By Sister Janet M. Peterworth, OSU

“And they’re off!” These are important words in horse racing. But nowhere are they more important than on the first Saturday of May in Louisville, Kentucky, because these words start the Kentucky Derby, the fastest two minutes in sports and the race that begins the journey toward the coveted Triple Crown.

“And they’re off” are words that also echo in the world of human trafficking around Derby, because the Derby, as well as other sporting events, tends to draw those who are trafficking others into sex trade. And they are off on the roads to Louisville. It is known that ads for “companions” are multiplied in local papers and on digital platforms when the Derby comes to town. Of course, not all ads are from trafficking situations. Some come from those sex workers who are native to the area. And not all trafficking is in the sex trade. Sometime young people are trafficked in service industries because service is needed in many areas in Derby town. Young people are used as waiters, dishwashers, and hotel cleaners.

“And they’re off” echoes in another place in Louisville and that is in the ears of those who work against the trafficking of humans in the Kentucky area. Serious and organized work began in 2012 when the Leadership Conference of Women Religious (LCWR) sub-region VI called themselves to address this form of human indignity not just at Derby time, but year-round. Good leaders that they were, these elected LCWR members delegated the specifics of this topic to the different justice promoters in their respective congregations. And as one might imagine, the justice promoters pulled together sisters in different congregations who were interested in working on this ministry and a committee was formed. There were Ursulines of Louisville, Sisters of Charity of Nazareth, Dominicans Sisters of Peace, and Sisters of the Presentation of the Blessed Virgin Mary.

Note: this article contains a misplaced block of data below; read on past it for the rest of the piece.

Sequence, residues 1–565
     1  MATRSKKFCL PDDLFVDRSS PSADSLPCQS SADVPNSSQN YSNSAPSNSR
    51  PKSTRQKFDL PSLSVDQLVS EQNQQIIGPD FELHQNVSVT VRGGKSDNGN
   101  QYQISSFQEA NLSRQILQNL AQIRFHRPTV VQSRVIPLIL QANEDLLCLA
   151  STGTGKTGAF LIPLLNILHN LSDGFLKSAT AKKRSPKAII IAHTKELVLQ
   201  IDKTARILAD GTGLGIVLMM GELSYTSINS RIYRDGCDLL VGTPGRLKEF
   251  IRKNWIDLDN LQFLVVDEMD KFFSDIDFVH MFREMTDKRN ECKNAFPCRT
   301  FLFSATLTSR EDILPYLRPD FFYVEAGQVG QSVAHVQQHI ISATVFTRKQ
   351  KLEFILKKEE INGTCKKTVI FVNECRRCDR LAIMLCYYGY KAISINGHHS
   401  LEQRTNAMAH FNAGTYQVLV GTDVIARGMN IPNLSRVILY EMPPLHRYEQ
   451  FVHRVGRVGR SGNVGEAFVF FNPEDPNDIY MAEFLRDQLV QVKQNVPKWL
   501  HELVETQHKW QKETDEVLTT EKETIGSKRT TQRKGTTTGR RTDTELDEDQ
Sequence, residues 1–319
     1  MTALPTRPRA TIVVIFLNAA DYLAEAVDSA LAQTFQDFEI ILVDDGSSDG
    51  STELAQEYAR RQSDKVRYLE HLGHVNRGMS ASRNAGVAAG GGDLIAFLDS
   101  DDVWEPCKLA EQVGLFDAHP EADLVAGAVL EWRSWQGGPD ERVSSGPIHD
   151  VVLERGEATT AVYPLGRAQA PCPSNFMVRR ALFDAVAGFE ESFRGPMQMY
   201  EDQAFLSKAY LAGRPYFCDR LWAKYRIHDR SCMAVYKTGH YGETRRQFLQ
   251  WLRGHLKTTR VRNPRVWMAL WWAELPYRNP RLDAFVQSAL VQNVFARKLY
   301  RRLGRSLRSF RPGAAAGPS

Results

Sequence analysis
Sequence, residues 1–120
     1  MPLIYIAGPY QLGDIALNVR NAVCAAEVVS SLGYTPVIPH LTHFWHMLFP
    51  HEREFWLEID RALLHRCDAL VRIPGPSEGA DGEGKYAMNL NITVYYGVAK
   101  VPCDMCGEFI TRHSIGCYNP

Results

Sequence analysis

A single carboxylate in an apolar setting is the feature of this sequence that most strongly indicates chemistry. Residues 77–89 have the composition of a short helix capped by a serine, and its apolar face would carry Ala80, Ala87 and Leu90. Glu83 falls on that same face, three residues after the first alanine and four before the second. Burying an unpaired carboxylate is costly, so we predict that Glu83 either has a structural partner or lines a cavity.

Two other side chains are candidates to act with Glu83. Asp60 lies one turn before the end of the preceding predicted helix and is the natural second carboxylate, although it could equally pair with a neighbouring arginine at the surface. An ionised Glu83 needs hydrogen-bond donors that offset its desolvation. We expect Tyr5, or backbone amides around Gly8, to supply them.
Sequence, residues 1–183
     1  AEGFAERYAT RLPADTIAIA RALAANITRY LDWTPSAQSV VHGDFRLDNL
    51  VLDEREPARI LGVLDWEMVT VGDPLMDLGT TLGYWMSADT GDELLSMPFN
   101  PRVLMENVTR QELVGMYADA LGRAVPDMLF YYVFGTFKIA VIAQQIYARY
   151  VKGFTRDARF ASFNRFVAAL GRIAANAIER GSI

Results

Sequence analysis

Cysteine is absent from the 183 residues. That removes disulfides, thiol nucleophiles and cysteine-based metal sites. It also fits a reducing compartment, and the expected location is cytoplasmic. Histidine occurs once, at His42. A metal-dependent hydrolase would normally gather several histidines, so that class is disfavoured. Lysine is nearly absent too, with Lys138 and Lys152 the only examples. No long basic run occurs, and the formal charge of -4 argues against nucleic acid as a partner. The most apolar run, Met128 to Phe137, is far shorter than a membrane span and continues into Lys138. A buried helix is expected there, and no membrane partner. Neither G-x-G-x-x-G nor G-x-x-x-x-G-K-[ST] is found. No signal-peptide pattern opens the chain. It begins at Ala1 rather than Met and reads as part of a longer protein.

One of the first actions of this group was to compose a letter for the leadership groups to sign and send to hotels in their respective cities asking hotels to be on the alert for signs of human trafficking. For those in Louisville, it was clear that hotels are busier during the Derby season. Some Sisters went to hotels and quick stop places near expressway interchanges and asked managers to put soap marked with the trafficking hot line in restrooms and bathrooms. Others spoke directly with managers and gave them trafficking signs to look for and suggestions for training their staff.

Recently the committee that has been working against trafficking started a nonprofit called PATH Coalition of Kentucky (People Against the Trafficking of Humans). Some religious congregations have helped with funding the organization. PATH is now a legal entity and plans to move forward with a strategic planning process.

In January 2019, the Ursuline Sisters of Louisville’s Social Concerns Committee collaborated with PATH to sponsor a workshop that explored the following questions: “What is human trafficking and what is its impact on our world, including the citizens of Kentucky?” “How are women religious responding both globally, locally and within Kentucky?” This workshop allowed participants to examine not just these topics, but to reflect on practical opportunities for addressing human trafficking as a global concern and to be in solidarity with People Against Trafficking Humans Coalition of Kentucky.